With the risk of sounding as an Ubuntu beginner's guide, I noticed that the procedure of obtaining software for my Ubuntu installation using the command line wasn't described as explicitly as I'd prefer anywhere, so here goes:
The tool you need is apt-get. What it does is it basically checks through your /etc/apt/sources.list file and queries all the listed repositories for new versions of your OS- and peripheral software - just like Windows Update - but with the added feature of listing and installing new packages, mostly straight out of the box.
Since there's usually lots of managing of system-level files and directories involved in installing, you'll want to run apt-get as super user, using sudo. Hence, the typical command line for e.g. installing Beagle, my favourite desktop search, would be:
sudo apt-get install beagle
And that's usually it! However, if you do come across a package that doesn't exist in any of the default repositories, you might be able to find a specific repository listed on the package's homepage or similar. Then you'd simply have to add a line in the /etc/apt/sources.list file, such as (for XGL stuff):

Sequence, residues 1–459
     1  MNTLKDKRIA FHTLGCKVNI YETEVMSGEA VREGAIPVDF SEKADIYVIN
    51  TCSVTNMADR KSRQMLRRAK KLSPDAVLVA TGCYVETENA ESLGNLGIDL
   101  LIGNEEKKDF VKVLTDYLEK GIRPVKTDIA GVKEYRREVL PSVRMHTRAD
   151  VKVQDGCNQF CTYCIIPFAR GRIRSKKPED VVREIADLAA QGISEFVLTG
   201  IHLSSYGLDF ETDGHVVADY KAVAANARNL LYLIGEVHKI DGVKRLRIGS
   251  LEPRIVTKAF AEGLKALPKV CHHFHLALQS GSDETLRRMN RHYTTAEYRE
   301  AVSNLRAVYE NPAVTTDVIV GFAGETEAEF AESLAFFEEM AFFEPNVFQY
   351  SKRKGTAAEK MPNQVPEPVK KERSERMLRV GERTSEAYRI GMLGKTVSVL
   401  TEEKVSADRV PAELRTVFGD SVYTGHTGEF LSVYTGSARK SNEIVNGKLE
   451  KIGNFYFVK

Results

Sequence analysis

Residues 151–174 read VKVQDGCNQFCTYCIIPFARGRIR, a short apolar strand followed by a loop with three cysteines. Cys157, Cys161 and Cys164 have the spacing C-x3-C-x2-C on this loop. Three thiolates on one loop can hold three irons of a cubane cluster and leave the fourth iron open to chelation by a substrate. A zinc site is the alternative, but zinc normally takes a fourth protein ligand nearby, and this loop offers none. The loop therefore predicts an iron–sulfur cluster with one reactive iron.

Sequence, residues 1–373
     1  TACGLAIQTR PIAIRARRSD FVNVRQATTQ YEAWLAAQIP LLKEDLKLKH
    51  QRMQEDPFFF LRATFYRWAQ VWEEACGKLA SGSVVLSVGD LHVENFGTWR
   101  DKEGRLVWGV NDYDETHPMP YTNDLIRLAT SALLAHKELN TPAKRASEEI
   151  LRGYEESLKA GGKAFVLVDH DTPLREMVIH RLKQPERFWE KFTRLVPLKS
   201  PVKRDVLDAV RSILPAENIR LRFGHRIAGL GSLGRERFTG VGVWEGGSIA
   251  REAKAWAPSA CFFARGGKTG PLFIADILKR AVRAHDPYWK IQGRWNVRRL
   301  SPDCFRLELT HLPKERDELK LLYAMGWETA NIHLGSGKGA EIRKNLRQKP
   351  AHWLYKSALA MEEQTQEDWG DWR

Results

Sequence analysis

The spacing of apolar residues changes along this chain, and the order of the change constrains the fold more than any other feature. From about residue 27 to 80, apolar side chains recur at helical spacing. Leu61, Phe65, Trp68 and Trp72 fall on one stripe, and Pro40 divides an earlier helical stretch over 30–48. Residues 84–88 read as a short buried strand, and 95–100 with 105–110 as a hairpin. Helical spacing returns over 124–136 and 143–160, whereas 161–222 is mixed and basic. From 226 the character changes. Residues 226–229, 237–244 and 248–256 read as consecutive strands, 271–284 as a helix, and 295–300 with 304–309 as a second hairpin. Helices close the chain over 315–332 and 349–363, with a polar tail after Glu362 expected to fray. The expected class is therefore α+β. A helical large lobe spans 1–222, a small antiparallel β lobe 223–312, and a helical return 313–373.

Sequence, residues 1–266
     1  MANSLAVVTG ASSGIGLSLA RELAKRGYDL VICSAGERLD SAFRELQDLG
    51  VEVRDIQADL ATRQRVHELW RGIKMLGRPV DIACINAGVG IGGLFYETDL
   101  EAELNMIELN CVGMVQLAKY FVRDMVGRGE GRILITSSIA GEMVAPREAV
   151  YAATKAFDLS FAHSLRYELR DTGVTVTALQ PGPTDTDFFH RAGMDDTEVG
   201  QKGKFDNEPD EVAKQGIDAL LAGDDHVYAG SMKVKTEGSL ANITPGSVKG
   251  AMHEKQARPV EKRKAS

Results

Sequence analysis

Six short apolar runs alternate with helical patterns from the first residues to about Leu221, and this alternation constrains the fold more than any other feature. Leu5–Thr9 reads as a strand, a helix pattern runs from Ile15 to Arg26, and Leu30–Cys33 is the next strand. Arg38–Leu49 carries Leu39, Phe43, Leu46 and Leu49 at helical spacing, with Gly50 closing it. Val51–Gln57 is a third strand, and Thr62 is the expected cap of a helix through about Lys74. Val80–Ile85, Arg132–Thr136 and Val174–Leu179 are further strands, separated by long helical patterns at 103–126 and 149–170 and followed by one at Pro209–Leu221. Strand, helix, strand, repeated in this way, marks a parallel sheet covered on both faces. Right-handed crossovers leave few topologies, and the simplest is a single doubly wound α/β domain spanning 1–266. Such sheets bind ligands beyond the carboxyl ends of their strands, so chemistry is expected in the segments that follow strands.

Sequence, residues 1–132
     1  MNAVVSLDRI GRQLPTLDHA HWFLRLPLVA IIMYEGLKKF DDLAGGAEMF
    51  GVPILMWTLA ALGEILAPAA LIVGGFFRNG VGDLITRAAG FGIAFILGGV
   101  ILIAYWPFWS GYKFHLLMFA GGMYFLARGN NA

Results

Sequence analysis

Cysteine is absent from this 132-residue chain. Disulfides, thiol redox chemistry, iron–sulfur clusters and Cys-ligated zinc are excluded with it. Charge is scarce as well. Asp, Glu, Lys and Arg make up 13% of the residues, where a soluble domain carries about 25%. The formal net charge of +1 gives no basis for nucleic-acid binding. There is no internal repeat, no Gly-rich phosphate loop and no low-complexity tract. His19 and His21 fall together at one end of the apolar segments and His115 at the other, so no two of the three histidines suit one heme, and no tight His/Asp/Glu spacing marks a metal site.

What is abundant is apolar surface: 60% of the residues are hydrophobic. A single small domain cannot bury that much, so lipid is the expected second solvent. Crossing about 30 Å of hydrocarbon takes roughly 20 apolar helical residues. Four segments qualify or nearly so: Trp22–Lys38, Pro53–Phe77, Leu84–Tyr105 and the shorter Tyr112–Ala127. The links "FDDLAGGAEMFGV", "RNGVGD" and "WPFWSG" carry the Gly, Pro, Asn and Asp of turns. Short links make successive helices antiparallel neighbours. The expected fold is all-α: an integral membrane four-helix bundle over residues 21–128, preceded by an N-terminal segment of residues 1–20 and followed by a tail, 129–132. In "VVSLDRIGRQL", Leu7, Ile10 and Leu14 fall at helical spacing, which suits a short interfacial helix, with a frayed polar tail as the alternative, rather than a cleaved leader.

deb http://ubuntu.compiz.net/ dapper main aiglx
where 'deb' means the repo contains debian binaries (as opposed to source code, 'deb-src'), and 'dapper', 'main' and 'aiglx' mean which distributions you want to access. 'Dapper' and 'main' are the branches of the core Ubuntu files, whereas 'aiglx' holds stuff related to ATI and OpenGL.
So how to know which name a certain program has? Use apt-cache. Two quick examples:
apt-cache search opengl
lists any package related to 'opengl' (by name or description). Wow, that's a lot of packages. If you have a hunch about the name, just 'grep' the output as usual:
apt-cache search opengl | grep compiz
and to get a more detailed description of a certain package, do:
apt-cache show compiz-plugins
That wraps up this tiny - but hopefully useful - post on package installation in Ubuntu, using the command line.